Leica DG 8-18/2.8-4.0 Vario-Elmarit

on Olympus E-M1 Mk.II

Image Samples: Crofton Lake

My other articles related to the Olympus OM-D System.

See also: Leica DG 8-18 mm F/2.8-4.0 lens report

See also: E-M1 Mk.II Lens Fest, Part 1

Angle of view

Let us start from a quick comparison of the angle of view for various focal lengths. Here are four pictures, shot from exactly the same position (but with some changes in the direction), and converted to RGB by the camera's firmware.

Update: I have added a fifth picture, shown at the right. It is from the same shot (read: captured data) as the first one (below left), but the RGB conversion was done by a third-party program, ACDSee, without correcting the image for geometric distortion. This could be referred to "as captured".

I am discussing distortion in the lens report; the image is shown here just to make a point that the image "as captured" may have a wider angle than one after a factory-default processing.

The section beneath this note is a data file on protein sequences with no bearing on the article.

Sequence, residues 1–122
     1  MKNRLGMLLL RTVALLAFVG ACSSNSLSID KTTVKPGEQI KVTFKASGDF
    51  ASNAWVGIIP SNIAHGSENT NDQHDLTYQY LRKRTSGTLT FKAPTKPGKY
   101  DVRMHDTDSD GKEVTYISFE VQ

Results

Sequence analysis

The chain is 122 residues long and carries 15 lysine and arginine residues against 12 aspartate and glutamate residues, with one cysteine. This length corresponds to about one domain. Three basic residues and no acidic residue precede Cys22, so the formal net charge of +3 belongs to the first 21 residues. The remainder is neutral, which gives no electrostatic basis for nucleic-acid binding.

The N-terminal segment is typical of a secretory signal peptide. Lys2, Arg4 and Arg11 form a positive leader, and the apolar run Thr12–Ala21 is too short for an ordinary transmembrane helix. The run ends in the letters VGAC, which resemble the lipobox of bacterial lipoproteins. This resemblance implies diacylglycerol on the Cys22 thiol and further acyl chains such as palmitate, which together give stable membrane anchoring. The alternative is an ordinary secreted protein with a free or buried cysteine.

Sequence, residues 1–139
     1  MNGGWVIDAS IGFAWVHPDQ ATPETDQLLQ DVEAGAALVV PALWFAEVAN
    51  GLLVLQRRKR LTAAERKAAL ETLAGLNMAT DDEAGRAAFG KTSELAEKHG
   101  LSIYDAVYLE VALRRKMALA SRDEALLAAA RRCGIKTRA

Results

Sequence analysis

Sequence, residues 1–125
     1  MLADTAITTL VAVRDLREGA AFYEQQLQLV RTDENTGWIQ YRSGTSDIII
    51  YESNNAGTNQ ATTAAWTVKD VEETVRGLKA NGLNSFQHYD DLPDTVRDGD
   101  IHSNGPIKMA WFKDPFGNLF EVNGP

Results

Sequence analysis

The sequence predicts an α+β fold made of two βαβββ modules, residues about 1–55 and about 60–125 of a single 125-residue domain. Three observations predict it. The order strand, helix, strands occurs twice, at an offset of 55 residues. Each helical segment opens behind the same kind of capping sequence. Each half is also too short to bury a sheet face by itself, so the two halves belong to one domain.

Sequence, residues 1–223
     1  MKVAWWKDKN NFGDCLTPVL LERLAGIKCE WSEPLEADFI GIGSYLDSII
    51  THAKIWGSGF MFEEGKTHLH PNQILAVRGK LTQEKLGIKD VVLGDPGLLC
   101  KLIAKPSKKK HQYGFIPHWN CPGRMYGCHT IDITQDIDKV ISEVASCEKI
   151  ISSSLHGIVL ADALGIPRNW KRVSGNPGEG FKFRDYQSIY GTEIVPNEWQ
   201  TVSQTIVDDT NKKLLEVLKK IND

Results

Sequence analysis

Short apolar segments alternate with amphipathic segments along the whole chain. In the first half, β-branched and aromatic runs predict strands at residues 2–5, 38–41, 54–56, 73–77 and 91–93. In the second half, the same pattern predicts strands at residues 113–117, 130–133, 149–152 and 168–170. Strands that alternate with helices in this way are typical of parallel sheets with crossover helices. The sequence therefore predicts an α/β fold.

8 mm, F/2.8, "as captured"

8 mm, F/2.8

10 mm, F/3.2

12 mm, F/3.4

18 mm, F/4.0

Back to Leica DG 8-18 mm F/2.8-4.0

Back to E-M1 Mk.II Lens Fest, Part 1

F = 8 mm

As expected, for this scene and lens angle I needed a bit more than the usual -1/3 EV of exposure compensation — the brightly-lit, red-roofed house in the frame center is not large enough to be noticed by the ESP matrix-metering system (even the bright patch of grass in front of it does not help).

Just in case, I shot the whole session (all focal lengths) in duplicate, using both -1/3 and -2/3 EV, and for each length I chose the correction only after a closer look at images.